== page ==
The rewrite of my thriller Dangerous Vision is now complete. The copy edit is next, and then I’ll publish the new version. After this period of re-engaging with the main characters, a sequel seems inevitable. This does not mean I’m abandoning science fiction. The prequel and two sequels for Return of the Convict are alive and well, and they demand to be completed.
Dangerous Vision is set in 1999. Hopes are high for the new millennium; with the Cold War over, the constant menace of nuclear annihilation seems lifted from the world. However another threat arises: catastrophic global warming, caused by over-use of fossil fuels.
For KGB psychiatrist Sergei Prokov, rapprochement with the West means the funding for his psychic warfare program dries up. Head hunters approach him, and he’s hired by an oil multinational, Axi, to establish a remote viewing department in New York City.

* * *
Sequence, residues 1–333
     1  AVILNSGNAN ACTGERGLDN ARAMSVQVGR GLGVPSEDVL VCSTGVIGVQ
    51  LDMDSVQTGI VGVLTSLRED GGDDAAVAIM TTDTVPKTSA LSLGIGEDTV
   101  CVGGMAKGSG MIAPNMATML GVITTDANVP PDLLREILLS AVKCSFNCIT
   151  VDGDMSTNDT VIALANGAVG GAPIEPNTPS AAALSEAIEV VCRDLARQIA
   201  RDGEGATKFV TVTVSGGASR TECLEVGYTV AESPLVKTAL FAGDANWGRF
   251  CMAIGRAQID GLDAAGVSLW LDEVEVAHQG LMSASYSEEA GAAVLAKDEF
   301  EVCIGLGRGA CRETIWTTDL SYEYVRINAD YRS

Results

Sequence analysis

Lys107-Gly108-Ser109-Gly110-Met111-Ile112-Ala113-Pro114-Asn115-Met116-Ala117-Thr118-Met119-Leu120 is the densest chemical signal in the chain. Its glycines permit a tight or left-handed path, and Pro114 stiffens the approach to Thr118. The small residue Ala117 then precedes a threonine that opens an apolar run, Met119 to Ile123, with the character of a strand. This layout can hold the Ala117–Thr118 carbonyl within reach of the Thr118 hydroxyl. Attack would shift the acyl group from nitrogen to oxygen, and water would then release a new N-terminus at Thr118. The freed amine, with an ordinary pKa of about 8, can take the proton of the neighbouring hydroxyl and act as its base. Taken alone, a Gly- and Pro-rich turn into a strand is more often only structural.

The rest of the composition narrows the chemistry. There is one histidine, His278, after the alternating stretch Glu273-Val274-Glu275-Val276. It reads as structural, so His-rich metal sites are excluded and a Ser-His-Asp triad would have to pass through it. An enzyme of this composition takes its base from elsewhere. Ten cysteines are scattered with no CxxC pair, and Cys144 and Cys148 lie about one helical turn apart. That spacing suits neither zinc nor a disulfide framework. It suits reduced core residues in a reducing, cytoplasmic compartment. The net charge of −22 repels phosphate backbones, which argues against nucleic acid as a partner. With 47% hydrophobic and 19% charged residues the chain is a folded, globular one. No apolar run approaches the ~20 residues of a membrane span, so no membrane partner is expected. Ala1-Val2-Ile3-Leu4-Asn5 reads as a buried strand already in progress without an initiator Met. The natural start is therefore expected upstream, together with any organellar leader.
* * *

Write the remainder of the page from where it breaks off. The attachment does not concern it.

Jim Craig, an aspiring actor and Cathy Alvarez, a math student, are hired as trainees. Jim has an inner game which he plays while riding the subway or walking down the street. Sometimes he becomes an elephant; at other times, a polar bear. Cathy sees what he’s doing. Under Sergei’s demanding tutelage, their development is rapid.
The department’s first assignment is to investigate a California biotech company, Proktec, which is trying to commercialize biological hydrogen production. Then Sergei uses Cathy to locate a downed aircraft: not to save the survivors, but to have them killed. Furious, she quits the program.
Thanks in part to Axi, Jim’s acting career is taking off. After witnessing murder though, he has to speak out.
The corporation’s power is overwhelming, but for Cathy and Jim, rebellion is the only choice. The struggle brings out their inner selves even more, and as they discover who they really are, the two fall deeply in love.